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VETERANS' SYNERGY: Program Aims to Benefit Workers, Ex-Offenders

Local Pilot Program Provides Model for New Interaction

April 3, 2016       Leave a Comment
By: Dave Rogers

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"Why so much concern about military veterans?" my skeptical friend asked when I told him about the new Bay Veterans Foundation. "Do we really need another local charitable group?"

I didn't have to look far for answers to his questions. On my own computer was a report I did under a grant for Michigan State University's Regional Economic Innovation (REI) project last year.

The report suggested using returning military veterans -- who have received extensive training -- in mentoring, training and education of school dropouts, the unemployed and ex-offenders.

The report posited rationale for a new organization in Bay County and expanding it statewide: "Reduce unemployment and under-employment among the 642,000 Michigan veterans, an estimated 31,000 of whom are currently jobless (second highest rate in the nation, and an untold number of under-employed);

"Reduce unemployment and recidivism among the 14,000 ex-offenders released from the prison annually (most of whom cannot find jobs) and assist in reduction of the total prison population of 43,704 through incremental improvement in group attitudes about society as a whole and increase in desire through improved opportunities to become gainfully employed upon release; (A related benefit is reduction of the state's $2 billion annual cost of Corrections)"

"Train welfare recipients, using veterans as trainers, addressing the need for 48,750 workers in Michigan agriculture annually (only 250 of which are being filled through the federal H-2A immigration program, positively reversing the conventional thinking that farm labor is among "jobs Americans won't do" and reducing Michigan's $5.2 billion annual welfare cost drain on the state budget."

A pilot program was operated for two weeks last summer at the site of the USS Edson destroyer museum ship on the Saginaw River. Edson volunteers who are Vietnam veterans were among cadre who supervised a group of 12 unemployed men in cutting brush along the riverfront, clearing a river view for visitors to the Edson.

At the program's end, a job placement firm specialist came in to take applications and interview the participants. Most of them were placed in jobs as a result.

The Bay Veterans Foundation, headed by Vietnam veteran Keith Markstrom, former Bay Medical Foundation director, has begun to raise funds and involve community projects. A 12-member board includes mainly military veterans as well as community leaders.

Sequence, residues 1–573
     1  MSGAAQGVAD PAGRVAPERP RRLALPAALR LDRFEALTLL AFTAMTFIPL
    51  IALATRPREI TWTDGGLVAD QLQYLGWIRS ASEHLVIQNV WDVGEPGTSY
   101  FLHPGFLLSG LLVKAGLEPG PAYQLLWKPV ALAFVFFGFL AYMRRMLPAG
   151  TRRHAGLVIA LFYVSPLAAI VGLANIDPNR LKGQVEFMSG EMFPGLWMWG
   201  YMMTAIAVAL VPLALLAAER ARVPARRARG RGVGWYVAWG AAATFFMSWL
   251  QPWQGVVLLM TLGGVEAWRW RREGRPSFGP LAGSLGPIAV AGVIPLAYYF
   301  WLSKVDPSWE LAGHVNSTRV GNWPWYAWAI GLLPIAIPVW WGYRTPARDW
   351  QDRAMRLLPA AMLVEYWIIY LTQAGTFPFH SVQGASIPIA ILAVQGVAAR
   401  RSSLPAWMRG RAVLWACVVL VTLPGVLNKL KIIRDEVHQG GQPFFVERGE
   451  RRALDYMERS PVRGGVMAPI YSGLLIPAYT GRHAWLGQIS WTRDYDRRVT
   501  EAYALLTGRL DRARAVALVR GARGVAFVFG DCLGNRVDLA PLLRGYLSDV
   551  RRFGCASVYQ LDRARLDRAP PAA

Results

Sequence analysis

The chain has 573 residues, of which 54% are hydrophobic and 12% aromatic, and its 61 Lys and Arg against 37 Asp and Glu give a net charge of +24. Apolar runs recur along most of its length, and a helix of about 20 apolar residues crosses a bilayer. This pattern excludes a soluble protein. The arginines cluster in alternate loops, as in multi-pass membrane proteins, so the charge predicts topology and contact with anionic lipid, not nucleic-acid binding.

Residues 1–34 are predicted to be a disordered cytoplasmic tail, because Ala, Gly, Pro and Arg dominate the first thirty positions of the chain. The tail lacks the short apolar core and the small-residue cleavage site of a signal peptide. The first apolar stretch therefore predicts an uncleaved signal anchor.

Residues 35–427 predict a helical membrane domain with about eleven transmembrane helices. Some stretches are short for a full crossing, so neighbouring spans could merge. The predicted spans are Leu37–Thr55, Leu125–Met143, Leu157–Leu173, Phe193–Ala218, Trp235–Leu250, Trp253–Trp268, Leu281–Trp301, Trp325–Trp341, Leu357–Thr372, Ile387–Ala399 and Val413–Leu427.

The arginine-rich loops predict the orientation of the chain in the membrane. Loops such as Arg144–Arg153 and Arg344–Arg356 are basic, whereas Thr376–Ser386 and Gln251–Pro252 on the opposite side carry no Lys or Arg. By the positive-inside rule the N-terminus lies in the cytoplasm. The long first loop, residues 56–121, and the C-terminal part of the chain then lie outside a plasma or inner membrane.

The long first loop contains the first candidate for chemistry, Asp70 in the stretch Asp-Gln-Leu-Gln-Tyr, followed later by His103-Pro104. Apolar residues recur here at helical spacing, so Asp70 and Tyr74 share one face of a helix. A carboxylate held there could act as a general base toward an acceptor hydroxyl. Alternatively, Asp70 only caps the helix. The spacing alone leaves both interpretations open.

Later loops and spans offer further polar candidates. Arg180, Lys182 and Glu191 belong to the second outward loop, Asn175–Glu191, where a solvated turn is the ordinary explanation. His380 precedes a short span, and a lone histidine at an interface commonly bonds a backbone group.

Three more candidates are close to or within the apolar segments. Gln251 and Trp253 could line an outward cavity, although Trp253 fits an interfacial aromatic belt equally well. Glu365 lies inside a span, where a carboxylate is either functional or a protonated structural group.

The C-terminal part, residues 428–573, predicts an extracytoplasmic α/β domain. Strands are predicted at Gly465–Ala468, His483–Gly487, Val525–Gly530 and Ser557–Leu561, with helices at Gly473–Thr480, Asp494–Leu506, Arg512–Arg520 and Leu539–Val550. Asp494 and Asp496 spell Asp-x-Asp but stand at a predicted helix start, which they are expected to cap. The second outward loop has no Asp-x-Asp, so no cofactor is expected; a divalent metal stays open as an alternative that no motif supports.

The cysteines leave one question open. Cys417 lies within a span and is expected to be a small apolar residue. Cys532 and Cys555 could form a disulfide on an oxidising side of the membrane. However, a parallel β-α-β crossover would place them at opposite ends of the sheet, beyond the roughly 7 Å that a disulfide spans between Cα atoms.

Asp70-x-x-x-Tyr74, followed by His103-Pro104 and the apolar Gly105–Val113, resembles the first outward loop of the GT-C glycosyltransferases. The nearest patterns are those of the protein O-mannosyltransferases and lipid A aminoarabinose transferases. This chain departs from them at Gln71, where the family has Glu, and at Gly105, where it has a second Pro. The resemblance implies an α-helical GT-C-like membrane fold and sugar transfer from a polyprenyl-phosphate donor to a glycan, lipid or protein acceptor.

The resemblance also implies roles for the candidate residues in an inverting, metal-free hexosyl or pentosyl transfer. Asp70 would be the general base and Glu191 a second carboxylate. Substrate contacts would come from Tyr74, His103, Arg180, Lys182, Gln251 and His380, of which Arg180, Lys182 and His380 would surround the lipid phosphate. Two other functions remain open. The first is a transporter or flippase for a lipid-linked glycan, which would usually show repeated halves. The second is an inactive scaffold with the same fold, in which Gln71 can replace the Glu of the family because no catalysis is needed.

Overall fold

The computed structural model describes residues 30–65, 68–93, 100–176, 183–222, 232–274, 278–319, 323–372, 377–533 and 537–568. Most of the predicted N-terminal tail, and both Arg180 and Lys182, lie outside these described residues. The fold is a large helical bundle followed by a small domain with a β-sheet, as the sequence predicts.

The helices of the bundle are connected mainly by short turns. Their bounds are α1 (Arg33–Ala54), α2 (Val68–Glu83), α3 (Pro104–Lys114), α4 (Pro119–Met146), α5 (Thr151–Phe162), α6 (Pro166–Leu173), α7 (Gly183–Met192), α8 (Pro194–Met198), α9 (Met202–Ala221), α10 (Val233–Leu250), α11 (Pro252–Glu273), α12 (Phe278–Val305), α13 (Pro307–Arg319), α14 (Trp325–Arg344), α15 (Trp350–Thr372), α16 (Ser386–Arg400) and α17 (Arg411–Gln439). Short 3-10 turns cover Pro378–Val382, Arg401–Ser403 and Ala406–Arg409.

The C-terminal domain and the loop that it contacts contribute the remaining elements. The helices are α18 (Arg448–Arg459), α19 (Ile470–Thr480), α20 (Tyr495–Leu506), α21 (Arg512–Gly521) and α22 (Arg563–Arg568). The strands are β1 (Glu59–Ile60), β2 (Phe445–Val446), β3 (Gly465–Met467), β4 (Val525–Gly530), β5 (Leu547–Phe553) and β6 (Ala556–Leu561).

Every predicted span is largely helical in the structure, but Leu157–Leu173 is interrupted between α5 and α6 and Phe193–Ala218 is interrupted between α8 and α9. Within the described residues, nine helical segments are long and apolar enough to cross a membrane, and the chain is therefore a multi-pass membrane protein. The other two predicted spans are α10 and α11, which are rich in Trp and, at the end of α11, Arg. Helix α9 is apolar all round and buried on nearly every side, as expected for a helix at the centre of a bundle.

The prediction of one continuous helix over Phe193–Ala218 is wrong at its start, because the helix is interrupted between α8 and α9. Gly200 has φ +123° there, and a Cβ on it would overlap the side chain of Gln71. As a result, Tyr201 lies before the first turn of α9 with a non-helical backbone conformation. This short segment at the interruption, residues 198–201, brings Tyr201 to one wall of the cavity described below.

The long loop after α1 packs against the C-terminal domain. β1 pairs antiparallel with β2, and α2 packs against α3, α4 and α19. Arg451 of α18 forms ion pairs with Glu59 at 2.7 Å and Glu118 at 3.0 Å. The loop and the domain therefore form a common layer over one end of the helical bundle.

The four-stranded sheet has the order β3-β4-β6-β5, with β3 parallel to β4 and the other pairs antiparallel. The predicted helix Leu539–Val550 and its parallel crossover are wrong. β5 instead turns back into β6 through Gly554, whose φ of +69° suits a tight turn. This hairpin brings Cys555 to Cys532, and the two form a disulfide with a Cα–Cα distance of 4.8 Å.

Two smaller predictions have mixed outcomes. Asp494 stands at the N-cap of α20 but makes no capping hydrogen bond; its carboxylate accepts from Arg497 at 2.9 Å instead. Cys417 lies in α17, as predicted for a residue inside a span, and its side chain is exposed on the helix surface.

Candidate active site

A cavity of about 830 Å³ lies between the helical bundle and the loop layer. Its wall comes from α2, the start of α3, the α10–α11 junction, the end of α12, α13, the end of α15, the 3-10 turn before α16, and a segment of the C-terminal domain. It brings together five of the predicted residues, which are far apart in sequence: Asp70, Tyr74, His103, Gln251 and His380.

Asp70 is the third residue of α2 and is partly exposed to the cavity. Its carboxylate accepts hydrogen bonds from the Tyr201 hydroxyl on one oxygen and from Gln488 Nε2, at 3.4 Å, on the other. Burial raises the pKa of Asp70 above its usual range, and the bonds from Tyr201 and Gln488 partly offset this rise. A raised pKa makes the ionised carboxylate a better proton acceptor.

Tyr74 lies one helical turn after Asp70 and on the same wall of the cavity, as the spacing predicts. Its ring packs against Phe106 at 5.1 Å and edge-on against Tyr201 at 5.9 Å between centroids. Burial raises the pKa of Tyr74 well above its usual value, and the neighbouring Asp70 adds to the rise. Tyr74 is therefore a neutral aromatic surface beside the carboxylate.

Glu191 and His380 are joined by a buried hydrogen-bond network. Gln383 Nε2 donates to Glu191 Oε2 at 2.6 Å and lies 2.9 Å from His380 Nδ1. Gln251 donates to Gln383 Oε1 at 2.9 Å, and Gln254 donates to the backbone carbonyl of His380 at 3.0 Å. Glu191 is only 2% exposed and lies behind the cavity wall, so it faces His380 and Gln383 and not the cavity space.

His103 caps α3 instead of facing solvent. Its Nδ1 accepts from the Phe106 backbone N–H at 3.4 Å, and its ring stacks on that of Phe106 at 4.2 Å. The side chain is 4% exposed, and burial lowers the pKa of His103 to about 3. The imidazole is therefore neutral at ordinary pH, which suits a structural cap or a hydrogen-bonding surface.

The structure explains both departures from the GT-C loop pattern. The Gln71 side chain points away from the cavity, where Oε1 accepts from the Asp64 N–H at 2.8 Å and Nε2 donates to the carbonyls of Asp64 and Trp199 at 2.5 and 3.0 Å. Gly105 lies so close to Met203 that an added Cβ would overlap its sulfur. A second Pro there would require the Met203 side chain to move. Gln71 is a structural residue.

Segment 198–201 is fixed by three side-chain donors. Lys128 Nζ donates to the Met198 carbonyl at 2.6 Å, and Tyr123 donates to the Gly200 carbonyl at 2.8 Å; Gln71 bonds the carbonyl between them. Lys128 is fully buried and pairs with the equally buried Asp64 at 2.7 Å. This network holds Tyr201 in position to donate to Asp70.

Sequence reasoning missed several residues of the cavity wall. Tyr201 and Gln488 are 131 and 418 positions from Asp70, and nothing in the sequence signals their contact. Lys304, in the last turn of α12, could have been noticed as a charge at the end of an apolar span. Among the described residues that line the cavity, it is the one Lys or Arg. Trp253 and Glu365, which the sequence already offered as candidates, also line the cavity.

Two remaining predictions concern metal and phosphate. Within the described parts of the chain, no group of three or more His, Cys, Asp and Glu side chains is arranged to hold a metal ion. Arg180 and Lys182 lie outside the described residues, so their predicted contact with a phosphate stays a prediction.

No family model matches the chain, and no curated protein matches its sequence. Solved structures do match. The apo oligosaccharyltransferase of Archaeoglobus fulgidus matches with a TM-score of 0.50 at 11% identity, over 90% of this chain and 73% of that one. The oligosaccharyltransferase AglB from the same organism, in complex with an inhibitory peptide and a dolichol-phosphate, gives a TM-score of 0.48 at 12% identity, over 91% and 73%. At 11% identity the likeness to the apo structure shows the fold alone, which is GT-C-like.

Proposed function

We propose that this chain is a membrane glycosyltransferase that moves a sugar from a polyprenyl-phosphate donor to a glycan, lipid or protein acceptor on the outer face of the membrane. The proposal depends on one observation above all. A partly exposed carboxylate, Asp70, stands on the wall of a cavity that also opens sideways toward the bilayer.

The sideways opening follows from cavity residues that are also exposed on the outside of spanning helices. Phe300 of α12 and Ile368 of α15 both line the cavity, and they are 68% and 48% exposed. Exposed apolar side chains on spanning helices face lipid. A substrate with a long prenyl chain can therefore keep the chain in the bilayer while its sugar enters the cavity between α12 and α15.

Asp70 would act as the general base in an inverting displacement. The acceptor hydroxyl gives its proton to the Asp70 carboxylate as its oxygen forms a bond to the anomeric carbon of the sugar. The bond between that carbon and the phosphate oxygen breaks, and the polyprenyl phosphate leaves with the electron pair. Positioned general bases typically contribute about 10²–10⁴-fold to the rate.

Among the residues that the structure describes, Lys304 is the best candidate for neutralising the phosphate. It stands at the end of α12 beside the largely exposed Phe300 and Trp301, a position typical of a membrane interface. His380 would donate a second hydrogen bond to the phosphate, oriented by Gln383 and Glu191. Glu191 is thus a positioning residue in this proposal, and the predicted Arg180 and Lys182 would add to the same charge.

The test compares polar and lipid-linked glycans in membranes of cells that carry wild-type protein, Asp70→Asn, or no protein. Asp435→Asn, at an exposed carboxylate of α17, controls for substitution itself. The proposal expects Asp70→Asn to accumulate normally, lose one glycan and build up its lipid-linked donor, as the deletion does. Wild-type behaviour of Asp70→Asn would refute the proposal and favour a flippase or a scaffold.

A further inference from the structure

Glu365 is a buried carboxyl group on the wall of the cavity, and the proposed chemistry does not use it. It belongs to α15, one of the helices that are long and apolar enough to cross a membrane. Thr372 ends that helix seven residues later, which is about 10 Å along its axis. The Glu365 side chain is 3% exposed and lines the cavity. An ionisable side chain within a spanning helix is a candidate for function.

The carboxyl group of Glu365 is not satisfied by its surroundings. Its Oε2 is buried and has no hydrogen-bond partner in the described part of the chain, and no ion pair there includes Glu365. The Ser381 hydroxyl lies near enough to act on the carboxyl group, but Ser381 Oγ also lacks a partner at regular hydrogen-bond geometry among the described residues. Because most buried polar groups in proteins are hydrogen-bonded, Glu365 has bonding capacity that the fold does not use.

On the drawing board here is a Maj. Gen. Merritt Edson Trade Academy that would aim to enroll adjudicated youth and dropouts from the Great Lakes Bay Region. The students would learn Marine Mechanics, STEM (science, technology, engineering, and math) and would be inculcated with principles of the Congressional Medal of Honor Curriculum.

School administration and teaching staff of the Edson Academy would involve as many military veterans as possible. Opportunities to volunteer aboard the Edson would be offered as students progressed.

Jonna Irvin writes in STIR Journal: "In the combined efforts of Operation Enduring Freedom in Afghanistan and Operation Iraqi Freedom, almost 7,000 U.S. soldiers have died. More than 970,000 veteran disability claims have been registered with the Veterans Administration.

"Returning soldiers face higher unemployment rates than their civilian counterparts, particularly among male veterans age 21 to 24. Between 2009 and 2012, the youngest veterans had an unemployment rate of 21.6 percent, compared to 13.5 percent for civilians.

"Veterans struggle to find proper health care in a system ill-prepared for the number of wounded, particularly those with catastrophic injuries and mental health issues that require long-term care. Private nonprofit organizations have been picking up the slack left by inadequate funding in the federal budget."

So the stage is set and conditions are right for a new program to marry the experience and training of Bay County's 9,000 veterans with the thousands of dropouts, unemployed or under-employed youth and ex-offenders. If this sounds good to you, please contact the Bay Veterans Foundation to volunteer.


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Dave Rogers

Dave Rogers is a former editorial writer for the Bay City Times and a widely read,
respected journalist/writer in and around Bay City.
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